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Historical profile information for Starbucks
Adbrands Daily Update 16th Mar 2020: Apple was the first major retailer to announce the closure of its global retail network in the face of spreading Coronovirus. All its hundreds of stores outside China will close for at least two weeks. (At the same time, the stores in China, which had already been closed, reopened in response to the slowing spread of infection in that country). Apple's announcement prompted many other retailers to follow suit. Abercrombie & Fitch, Nike, Under Armour and Urban Outfitters were among the companies to close their stores in the US. Most are also closing international outlets in Europe and Oceania. Starbucks said it would close some US stores, reduce opening hours at others, and restrict thousands more to take-out service only.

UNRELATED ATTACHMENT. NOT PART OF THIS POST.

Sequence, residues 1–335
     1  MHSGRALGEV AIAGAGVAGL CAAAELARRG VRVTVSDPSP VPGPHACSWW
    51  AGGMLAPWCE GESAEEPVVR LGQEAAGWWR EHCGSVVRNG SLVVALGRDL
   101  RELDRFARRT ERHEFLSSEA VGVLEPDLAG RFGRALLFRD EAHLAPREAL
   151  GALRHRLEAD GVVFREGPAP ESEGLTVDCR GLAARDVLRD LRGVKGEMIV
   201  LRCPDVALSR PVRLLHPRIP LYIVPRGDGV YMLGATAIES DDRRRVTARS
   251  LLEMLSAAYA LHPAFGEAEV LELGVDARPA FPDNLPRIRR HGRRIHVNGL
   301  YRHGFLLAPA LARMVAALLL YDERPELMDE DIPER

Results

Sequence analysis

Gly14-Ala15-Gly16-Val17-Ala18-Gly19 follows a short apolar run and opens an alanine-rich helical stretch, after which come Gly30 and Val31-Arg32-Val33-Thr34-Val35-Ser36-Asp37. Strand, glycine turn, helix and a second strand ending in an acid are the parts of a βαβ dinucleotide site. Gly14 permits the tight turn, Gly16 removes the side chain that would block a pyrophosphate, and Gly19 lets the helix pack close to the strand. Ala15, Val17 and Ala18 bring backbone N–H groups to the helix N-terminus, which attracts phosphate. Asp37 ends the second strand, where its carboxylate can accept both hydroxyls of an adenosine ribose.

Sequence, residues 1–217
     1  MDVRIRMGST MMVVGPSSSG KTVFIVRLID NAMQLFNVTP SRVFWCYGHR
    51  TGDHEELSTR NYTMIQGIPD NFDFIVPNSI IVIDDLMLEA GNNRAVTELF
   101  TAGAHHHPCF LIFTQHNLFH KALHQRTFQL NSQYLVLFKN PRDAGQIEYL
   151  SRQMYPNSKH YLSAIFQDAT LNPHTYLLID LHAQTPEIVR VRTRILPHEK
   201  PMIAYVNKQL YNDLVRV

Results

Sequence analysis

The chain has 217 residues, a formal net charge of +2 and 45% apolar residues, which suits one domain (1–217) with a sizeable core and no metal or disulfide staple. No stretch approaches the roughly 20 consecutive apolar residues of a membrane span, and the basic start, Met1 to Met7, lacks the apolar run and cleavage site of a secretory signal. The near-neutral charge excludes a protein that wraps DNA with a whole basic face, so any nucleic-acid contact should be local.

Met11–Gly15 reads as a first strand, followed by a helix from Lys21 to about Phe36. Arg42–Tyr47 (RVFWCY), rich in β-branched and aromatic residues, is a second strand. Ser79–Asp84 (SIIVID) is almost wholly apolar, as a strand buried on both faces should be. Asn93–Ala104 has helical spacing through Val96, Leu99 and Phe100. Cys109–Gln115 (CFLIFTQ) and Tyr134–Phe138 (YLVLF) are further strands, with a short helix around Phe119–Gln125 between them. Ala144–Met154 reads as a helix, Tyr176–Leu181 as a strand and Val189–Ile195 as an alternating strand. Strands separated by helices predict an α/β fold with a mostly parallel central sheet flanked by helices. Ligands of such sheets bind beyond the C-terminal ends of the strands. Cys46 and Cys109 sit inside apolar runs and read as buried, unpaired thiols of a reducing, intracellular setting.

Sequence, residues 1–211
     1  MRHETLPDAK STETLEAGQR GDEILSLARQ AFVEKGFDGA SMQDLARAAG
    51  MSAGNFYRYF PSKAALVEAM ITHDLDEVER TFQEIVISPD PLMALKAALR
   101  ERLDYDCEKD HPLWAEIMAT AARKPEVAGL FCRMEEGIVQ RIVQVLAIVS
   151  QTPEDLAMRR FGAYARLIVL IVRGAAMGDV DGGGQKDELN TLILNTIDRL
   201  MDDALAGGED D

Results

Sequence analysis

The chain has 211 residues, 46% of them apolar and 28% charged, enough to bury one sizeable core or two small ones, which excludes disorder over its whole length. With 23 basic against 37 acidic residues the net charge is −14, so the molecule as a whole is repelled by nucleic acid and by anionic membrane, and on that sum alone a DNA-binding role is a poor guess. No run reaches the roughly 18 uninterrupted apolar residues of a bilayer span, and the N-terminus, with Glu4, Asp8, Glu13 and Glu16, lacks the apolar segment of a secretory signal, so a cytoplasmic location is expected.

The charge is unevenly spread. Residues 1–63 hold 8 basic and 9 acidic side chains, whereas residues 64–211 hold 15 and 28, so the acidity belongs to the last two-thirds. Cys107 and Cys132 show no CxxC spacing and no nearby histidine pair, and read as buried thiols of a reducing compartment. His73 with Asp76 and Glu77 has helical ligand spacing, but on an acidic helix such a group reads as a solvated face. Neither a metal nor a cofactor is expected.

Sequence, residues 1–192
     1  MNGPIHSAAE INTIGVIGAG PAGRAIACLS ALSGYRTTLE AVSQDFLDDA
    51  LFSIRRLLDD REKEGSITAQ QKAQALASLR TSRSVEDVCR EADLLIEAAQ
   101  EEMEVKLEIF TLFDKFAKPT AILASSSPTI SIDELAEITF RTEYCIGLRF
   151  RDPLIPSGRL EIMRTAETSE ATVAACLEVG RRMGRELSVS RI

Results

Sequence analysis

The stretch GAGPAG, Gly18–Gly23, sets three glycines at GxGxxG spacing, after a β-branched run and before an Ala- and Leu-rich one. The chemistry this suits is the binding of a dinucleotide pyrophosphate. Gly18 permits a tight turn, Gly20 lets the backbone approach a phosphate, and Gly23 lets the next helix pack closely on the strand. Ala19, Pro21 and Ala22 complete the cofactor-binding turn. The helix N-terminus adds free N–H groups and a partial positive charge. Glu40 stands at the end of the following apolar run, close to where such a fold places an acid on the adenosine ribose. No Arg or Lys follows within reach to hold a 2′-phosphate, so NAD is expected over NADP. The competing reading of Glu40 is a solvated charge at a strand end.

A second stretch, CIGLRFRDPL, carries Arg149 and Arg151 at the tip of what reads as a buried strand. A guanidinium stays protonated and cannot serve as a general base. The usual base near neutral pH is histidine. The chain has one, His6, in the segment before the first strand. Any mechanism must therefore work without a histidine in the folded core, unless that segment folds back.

Adbrands Weekly Update 7th Jun 2018: Howard Schultz, executive chairman and effective founder of the Starbucks retail empire, is to step down altogether from the company next month. There has been widespread speculation that he may considering a bid to become a Democratic candidate for the presidency in 2020. He told the New York Times this week "I want to be truthful with you without creating more speculative headlines. For some time now, I have been deeply concerned about our country - the growing division at home and our standing in the world. One of the things I want to do in my next chapter is to figure out if there is a role I can play in giving back. I'm not exactly sure what that means yet." Asked directly if he is considering a run for president, he said "I intend to think about a range of options, and that could include public service. But I'm a long way from making any decisions about the future."